In addition, the area has more than 6,500 km of rivers and canals with 6 waterway transport routes being exploited and operated on two main river systems, namely the Dong Nai and Mekong River system. Not only Vietnam but the industrial regions of Indochina countries also benefit, especially the Bavet area of ​​Cambodia with the distance to Cat Lai port up to 90km, closer than the transportation to their Sihanoukville port.

Among the eight airports in the South, Tan Son Nhat International Airport already has a specialized cargo terminal. For the remaining airports: Can Tho, Phu Quoc, Buon Ma Thuot, Lien Khuong, Rach Gia, Con Dao, and Ca Mau, investment has been made to complete a cargo handling area that is separated from the passenger transport chain to facilitate the loading and unloading of goods. In the future, when Long Thanh International Airport goes into operation, it promises to drive the Southern region to develop into a specialized aviation logistics center in the country and region.

In May last year, Vietnam experienced another pandemic outbreak, and the Government imposed a strict distancing order on a large scale. Manufacturing industry activities were brought to a halt and the entire Southern supply and logistics system was directly affected. This event further emphasized the gaps that need to be addressed in the Southern supply chain, especially when it comes to infrastructure and warehousing.

“We recorded a sharp increase in inquiries for production expansion from end of Q1 2022 upon the re-opening of Vietnam’s international borders. However, some new foreign investors are delaying their decision due to the global market uncertainties, lag in the development of infrastructure connections in the South, increasing transportation costs, lengthy approval procedures, or lack of human resources.” Huynh Buu Tran, COO of KCN Vietnam shared.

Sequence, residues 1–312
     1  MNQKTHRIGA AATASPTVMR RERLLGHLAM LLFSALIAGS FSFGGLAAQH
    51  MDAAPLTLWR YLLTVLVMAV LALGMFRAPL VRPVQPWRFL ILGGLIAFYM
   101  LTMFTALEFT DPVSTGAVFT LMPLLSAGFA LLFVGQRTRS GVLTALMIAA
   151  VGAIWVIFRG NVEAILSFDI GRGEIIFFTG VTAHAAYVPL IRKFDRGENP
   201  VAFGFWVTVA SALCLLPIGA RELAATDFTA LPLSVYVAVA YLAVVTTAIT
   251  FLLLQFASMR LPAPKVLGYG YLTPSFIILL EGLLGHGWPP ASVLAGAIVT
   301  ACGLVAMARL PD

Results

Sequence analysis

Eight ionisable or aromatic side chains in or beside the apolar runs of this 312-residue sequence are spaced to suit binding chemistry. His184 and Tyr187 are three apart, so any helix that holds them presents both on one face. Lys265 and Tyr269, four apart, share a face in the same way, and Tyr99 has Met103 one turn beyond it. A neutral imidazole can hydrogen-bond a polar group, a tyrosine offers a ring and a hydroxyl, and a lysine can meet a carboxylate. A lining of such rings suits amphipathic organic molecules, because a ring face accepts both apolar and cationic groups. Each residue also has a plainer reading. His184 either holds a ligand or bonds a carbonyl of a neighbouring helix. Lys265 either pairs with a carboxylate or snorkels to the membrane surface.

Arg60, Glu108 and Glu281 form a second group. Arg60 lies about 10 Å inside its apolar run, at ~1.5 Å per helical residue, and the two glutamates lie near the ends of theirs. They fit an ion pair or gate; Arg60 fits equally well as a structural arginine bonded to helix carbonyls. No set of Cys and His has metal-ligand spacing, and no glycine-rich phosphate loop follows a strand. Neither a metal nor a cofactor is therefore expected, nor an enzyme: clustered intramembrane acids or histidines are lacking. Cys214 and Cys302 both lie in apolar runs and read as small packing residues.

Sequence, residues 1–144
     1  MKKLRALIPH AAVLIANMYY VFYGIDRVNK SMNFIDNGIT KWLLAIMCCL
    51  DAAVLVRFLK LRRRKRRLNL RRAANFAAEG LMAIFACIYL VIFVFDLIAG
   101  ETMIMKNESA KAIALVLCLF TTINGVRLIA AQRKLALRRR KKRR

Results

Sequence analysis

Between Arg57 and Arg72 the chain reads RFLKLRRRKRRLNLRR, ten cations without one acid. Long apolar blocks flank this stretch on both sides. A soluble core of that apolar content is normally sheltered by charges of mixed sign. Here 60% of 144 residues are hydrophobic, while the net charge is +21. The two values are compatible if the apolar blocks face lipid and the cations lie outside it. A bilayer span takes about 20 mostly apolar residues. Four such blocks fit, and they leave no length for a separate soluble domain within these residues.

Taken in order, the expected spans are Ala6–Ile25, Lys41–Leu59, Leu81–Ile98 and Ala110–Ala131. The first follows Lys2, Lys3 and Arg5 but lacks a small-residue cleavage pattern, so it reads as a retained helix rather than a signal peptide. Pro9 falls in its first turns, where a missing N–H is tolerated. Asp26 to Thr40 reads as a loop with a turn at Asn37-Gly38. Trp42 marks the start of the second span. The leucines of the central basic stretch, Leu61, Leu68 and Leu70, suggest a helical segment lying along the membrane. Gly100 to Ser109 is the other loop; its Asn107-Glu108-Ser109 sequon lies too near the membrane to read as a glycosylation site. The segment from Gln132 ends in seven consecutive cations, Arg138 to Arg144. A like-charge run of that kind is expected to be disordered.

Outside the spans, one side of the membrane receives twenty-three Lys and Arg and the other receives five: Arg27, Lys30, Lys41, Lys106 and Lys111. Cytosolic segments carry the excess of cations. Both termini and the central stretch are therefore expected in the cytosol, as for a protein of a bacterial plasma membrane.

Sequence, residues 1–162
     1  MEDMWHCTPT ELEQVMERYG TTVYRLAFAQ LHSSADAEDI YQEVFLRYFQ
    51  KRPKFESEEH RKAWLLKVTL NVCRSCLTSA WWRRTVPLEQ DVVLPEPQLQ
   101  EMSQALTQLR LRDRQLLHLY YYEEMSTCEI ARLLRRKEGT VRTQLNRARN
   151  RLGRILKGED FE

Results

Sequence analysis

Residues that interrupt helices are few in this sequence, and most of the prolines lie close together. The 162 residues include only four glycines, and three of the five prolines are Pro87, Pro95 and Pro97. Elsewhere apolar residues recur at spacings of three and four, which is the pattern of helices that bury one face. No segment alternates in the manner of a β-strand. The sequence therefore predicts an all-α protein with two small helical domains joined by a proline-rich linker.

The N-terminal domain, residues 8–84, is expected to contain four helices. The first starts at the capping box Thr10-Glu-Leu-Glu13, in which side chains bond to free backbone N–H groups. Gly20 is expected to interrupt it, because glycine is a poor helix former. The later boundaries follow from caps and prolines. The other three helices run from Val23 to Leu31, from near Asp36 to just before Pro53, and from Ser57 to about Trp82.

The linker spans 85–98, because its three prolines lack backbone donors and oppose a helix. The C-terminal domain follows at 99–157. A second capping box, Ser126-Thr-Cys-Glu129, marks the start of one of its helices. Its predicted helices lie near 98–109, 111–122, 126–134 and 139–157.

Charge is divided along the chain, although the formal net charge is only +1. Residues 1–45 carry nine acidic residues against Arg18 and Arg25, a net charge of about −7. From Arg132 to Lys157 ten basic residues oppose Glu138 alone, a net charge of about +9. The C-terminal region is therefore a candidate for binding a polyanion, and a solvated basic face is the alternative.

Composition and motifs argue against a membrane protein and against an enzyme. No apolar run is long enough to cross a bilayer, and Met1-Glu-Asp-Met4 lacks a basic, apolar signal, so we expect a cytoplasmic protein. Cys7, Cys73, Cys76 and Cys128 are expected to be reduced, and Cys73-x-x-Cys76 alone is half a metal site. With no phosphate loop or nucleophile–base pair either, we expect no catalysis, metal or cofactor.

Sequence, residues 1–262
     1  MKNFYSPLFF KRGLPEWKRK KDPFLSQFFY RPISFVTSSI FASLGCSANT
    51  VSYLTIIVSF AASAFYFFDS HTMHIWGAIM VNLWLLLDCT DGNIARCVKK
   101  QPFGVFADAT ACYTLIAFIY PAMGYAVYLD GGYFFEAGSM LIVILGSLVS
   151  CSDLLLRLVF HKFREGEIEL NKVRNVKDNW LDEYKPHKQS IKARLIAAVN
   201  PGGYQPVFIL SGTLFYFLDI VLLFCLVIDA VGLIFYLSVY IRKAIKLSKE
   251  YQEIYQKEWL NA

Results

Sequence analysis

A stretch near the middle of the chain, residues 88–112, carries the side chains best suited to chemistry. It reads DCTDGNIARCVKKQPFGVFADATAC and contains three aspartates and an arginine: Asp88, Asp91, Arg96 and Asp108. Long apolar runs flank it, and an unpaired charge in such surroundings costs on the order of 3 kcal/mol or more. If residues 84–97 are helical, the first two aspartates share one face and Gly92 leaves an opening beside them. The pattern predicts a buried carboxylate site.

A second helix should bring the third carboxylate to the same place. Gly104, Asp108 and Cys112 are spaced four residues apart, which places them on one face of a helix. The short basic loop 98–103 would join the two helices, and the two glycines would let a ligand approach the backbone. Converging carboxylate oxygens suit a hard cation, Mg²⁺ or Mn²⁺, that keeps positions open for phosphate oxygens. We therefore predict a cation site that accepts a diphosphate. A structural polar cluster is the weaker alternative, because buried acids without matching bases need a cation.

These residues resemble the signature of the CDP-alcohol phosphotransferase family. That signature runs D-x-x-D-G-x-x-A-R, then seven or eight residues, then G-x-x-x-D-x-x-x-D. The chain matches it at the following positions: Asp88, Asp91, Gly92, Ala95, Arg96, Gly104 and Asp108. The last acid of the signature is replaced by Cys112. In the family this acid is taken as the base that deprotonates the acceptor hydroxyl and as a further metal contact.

Tran stated, “The health of an economy is directly proportional to the efficiency of its supply chain system. Improving efficiency will help manufacturers, logistics providers, and regulators to minimize foreseeable lags, thus increasing output and reducing operating costs per unit. What we need to do urgently is to develop quality infrastructure connectivity and develop our local Vietnamese SME supply chains manufacturers, to improve Vietnam’s position and increase our competitiveness within the region”.

The manufacturing industry is the heart of the country’s economic development, and domestic production capacity is the most appropriate measurement. A strong country needs to have internal production strength to limit vulnerability against geopolitical disruptions. In the long term, many domestic enterprises will have the ability to adjust their production plans to ensure supply chain continuity and reduce the risk of similar ‘shocks’ in the future.

With these attractive conditions, the South of Vietnam is fully capable of competing with Singapore and Hong Kong. Becoming a global goods transshipment hub is not the only goal, we must also combine this with our domestic production capacity to become an inseparable link in the world supply chain, Ms. Trang concluded.